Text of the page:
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5 reasons why Su Butcher thinks live blogging matters:

1) Find a larger audience:
– Some people won’t be able to attent the event: They may live in a different country, they may be working, or not able to take time off to travel to the event or may be busy on said day.
– Some people may not know if they really want to go to the event an a live blog may be able to sway their decision. Live blogging gives people an opportunity to be involved and do research on the event.
– Out of thousands who maybe would like to attend only a small fraction will be able to attend in person. o, the live blog means that a larger audience can attend (even if this means online and only partially).
– Would your target audience benefit from a live blog? (They maybe wouldn’t benefit if they were of an older generation).

2) Promote the event with real value:
– People who cannot commit to attending will see some value in being there. A live blog will give them some a sense of value and a flavour for the event and discussion.
– They live blog will give them the sense that there is value in attending and they should attend the next one.
– The live blog can give a gift to a future audience, something they can and will want to share.
– Live blogging is a cost effective way to promote them both before, during and after they take place.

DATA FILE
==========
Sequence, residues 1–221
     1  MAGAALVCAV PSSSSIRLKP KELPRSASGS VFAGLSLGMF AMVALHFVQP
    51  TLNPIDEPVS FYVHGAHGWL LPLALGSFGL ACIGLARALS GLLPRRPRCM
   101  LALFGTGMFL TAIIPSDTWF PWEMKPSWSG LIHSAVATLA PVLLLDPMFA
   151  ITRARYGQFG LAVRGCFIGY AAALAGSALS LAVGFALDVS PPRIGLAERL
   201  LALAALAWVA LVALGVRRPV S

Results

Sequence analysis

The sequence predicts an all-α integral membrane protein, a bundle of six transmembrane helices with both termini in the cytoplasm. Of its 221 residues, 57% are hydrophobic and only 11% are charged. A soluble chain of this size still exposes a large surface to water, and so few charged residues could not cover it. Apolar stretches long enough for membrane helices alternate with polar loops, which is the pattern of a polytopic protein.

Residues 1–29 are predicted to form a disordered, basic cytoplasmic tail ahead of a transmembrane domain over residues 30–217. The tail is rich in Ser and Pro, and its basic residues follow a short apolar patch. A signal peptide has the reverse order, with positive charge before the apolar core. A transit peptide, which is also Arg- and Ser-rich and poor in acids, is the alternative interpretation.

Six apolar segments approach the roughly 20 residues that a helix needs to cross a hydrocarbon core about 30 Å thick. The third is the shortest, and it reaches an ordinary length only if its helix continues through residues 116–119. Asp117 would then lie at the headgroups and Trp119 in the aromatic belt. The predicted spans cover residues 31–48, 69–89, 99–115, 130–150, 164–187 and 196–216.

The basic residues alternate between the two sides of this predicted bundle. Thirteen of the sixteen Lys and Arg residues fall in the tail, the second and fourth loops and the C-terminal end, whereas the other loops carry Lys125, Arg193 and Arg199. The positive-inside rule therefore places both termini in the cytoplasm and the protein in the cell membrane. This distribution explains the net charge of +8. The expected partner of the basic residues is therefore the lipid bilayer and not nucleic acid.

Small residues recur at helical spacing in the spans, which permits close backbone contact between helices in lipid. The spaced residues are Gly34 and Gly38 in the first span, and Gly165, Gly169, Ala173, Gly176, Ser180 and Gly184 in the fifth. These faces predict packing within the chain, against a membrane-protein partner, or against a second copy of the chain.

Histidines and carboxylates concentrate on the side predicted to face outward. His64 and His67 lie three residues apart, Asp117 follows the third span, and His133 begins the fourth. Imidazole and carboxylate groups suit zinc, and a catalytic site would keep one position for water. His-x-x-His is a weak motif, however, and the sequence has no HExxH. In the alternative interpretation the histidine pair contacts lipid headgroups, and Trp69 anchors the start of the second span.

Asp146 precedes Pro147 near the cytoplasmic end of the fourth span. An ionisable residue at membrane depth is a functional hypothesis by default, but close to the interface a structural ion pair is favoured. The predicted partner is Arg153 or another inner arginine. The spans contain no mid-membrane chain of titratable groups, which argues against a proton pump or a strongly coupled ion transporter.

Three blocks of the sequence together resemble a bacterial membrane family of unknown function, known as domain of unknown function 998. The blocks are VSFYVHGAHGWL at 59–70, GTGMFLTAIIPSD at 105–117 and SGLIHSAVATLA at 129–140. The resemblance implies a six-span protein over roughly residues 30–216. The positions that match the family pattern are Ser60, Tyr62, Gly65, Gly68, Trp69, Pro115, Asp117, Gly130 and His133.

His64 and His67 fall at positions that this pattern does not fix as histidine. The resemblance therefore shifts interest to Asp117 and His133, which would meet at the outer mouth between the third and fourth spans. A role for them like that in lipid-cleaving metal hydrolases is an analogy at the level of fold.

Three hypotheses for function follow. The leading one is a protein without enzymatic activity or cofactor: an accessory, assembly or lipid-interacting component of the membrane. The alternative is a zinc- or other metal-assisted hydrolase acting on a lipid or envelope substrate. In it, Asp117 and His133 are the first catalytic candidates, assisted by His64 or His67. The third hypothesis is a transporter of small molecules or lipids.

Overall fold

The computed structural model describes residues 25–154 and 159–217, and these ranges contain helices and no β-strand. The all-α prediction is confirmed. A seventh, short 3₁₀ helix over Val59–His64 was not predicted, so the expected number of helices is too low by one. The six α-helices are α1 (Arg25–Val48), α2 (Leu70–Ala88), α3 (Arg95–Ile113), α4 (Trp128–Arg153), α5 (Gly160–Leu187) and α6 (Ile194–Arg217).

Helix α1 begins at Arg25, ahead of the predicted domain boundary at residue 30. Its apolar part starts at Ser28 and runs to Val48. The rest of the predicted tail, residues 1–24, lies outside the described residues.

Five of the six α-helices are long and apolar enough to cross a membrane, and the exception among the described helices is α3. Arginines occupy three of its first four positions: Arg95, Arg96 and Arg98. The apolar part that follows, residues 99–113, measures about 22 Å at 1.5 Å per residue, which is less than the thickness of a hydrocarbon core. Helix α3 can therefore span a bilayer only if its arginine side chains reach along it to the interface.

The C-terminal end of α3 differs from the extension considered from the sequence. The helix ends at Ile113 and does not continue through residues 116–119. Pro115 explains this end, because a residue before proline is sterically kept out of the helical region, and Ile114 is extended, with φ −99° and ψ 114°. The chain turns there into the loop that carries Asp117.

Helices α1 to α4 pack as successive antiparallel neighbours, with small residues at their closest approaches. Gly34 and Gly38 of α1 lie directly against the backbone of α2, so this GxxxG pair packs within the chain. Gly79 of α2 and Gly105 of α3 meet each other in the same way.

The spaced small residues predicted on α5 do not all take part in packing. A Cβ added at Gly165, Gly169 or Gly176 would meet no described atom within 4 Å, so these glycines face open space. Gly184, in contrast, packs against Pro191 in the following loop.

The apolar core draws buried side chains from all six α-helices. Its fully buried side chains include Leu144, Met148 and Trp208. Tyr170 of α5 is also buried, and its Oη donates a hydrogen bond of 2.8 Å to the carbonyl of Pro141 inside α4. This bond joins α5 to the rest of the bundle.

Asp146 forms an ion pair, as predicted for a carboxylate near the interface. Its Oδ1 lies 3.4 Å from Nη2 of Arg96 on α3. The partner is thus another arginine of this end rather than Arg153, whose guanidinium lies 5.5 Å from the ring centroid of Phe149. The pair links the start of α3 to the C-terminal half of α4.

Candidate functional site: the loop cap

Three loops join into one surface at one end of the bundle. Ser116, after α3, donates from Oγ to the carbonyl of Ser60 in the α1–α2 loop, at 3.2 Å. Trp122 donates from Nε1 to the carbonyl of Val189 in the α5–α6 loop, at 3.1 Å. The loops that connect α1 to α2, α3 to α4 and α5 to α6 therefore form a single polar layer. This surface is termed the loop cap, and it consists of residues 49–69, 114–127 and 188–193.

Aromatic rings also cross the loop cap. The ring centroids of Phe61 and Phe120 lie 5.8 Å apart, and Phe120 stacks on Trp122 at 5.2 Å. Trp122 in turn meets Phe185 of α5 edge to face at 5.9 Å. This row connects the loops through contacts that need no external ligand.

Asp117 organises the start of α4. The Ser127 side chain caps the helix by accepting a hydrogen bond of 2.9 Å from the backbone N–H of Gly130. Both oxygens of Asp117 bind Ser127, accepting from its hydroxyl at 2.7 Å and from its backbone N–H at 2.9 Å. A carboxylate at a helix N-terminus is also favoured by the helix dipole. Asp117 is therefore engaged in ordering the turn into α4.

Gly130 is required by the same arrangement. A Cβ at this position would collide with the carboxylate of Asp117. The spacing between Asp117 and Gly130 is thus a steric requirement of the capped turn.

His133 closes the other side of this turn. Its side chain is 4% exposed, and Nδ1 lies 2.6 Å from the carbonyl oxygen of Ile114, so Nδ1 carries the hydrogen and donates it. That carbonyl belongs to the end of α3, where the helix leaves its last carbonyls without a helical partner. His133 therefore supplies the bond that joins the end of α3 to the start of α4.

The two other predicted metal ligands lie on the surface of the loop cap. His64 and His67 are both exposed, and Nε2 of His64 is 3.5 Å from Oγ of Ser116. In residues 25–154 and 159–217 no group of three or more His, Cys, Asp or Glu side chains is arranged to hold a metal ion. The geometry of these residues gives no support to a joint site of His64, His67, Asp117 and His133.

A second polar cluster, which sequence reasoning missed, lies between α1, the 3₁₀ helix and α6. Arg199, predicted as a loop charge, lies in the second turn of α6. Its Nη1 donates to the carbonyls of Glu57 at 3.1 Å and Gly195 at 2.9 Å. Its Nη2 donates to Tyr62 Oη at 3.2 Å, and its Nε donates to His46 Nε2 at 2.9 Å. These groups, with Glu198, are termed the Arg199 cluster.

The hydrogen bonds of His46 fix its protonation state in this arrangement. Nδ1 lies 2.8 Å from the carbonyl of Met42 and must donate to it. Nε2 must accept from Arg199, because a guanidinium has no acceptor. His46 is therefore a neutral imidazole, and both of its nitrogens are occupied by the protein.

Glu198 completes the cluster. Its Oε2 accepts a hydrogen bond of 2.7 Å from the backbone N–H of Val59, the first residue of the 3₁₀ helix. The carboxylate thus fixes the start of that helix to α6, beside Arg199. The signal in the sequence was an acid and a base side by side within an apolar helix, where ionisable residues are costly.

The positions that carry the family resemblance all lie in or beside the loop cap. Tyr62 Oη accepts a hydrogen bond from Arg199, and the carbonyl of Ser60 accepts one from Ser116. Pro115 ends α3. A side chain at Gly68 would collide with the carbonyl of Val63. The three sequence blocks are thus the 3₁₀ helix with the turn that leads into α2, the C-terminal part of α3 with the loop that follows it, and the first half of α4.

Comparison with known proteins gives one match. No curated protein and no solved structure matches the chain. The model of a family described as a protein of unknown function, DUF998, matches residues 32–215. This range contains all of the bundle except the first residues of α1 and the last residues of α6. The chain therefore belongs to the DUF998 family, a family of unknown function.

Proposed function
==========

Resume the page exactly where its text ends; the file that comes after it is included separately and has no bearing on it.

3) Make your event last longer/beyond the day:
– A live blog is a real-time record of an event, but it also creates an archive of the event to last for the future.
– A good blogger will be able to provide a commentary whilst the event if happening by incorporating material you provide them with; slides, screenshots, links, photographs, tweets.
– These elements can be brought together to make a ‘compelling, informative record of the event’ – this record will help to promote your live blogs of similar events in the future.
– The archive ecomes a great way to promote discussion and refresh your memory of what happens as you prepare for another event.

4) Encouraging online discussion:
– Social media is interactive and live blogging is no different.
– If you would like to encourage lively discussion about the event as it happens – this can be achieved most effectively by providing viewers and attendees with a range of ways to contribute using #.
– Much lively discussion at an event is lost between the participants, live blogging and twitter, together with encouraging attendees to write about the event afterwards add to the continuation of the blog well into the future.

5) Reach further:
– Love blogging enables an event to be heard about by more people, and shared with more people.
– The live blog becomes a ‘social object’ which advocates and demonstrates ideas and puts your case to third parties.
– It can give your event life beyond the place and the day which it happened.

(Source: http://www.justprofessionals.net/2011/10/live-blogging-your-events-five-reasons-why-it-matters/ – Su Butcher: 24th October 2011.)